The Hohokam culture thrived in central and southern Arizona for over fourteen hundred years, ending around 1450 C.E. Beginning around 800 C.E., they were building systems of very sophisticated and well-engineered irrigation canals to support their agricultural efforts. By about 1300, it is estimated that their people formed the largest population group in the Southwest. Their dwellings included impressive multi-story pueblo buildings. You can learn more about the Hohokam culture on Wikipedia.




Casa Grande National Monument

Coolidge, Arizona

2 panoramas (more coming)

The massive great house found in this Gila River Valley Hohokam community was four stories tall. It is just part of a much larger village complex that existed at this location from around the sixth century until the mid-1400s. In  1892, the importance of the site resulted in it being named the first archeological preserve in the U.S. It became a national monument in 1918. The protective roof structure was built in 1932. You can learn more by visiting the Monument’s website or Wikipedia.


Pueblo Grande Museum and Cultural Park

Phoenix, Arizona

6 panoramas

A National Historic Landmark, Pueblo Grande was the site of a major Hohokam community that thrived for about a thousand years, beginning around 450 C.E. Located in downtown Phoenix, the park includes a first-class museum and preserves the remains of a major Hohokam platform mound and a ballcourt. There are also re-creations of the ancient Hohokam houses. You can learn more by visiting the park’s website or Wikipedia.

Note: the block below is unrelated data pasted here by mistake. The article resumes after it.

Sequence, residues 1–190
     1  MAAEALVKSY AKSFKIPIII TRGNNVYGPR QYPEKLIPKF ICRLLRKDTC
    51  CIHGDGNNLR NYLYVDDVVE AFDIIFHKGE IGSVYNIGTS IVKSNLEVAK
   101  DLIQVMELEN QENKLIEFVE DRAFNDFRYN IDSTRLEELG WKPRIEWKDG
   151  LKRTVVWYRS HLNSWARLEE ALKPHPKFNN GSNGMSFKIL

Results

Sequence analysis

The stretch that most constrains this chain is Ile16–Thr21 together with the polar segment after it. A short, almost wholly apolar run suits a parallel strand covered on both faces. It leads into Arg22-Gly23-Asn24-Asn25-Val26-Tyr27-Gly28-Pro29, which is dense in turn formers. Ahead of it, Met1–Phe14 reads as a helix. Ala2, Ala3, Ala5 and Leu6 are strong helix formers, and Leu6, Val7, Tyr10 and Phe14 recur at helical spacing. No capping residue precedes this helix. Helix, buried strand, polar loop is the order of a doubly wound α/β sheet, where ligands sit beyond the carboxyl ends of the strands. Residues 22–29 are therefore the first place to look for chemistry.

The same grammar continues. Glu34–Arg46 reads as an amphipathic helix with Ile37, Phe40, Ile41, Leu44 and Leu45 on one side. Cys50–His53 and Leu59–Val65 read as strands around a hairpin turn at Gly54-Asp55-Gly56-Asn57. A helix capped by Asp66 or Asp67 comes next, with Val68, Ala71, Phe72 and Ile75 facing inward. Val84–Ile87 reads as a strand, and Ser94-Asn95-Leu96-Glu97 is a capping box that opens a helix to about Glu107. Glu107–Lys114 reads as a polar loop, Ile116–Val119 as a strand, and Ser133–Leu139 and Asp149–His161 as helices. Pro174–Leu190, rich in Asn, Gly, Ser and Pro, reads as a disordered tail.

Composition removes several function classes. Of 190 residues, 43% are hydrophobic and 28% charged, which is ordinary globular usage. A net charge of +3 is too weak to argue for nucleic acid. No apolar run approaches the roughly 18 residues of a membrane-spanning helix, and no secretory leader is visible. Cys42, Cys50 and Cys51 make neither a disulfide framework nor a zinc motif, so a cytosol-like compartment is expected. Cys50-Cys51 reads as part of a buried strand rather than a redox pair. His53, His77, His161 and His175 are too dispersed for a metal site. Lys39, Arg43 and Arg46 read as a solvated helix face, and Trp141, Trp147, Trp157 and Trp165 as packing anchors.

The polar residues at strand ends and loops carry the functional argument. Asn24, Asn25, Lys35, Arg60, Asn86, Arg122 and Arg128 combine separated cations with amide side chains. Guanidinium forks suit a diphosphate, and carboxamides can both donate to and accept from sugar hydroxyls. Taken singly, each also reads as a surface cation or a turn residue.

Salado Culture

The people we call the Salado farmed, hunted, and traded in south-eastern Arizona in an area called the Tonto Basin for about 300 hundred years, starting around 1150 C.E. They are noted for their beautiful polychrome pottery. They lived in ground level walled pueblos and also in cliff dwellings. You can learn more about the Salado culture on Wikipedia.




Besh-Ba-Gowah Archaeological Park and Museum

Globe, Arizona

4 panoramas

As one of the museum exhibits states: “Besh Ba Gowah is a 200 room prehistoric Salado masonry pueblo occupied between A.D. 1225 and A.D. 1400.” The stone walls were originally plastered. A model in the museum recreates the original appearance. The name of the park comes from the Apache words for “place of metal”, a reference to the mining that took place in early Globe. You can learn more by visiting the park’s website or Wikipedia.


Tonto National Monument

Globe, Arizona

4 panoramas

Tonto National Monument preserves the remains of two ancient Salado cliff dwellings. Currently, the panoramas on this site cover only one of them: the Lower Ruin. You can learn more by visiting the Monument’s website or Wikipedia.





Other Cultures





The Blythe Intaglios

Blythe, California

2 panoramas, 2 signs

The Blythe intaglios are huge figures that were scraped into the desert surface by Native Americans hundreds, perhaps even thousands, of years ago. You can learn more about them on Wikipedia. Note: to view the figures from above, click on the panorama’s map icon and then zoom in on the satellite image until the figures become visible. Also, be sure to read the two informational signs at the second intaglio.


Recommended Reading




A.D. 1250, Ancient Peoples of the Southwest

By Lawrence W. Cheek

Published by Arizona Highways, 1994


1491: New Revelations of the Americas Before Columbus

by Charles C. Mann

Published by Alfred A. Knopf, 2005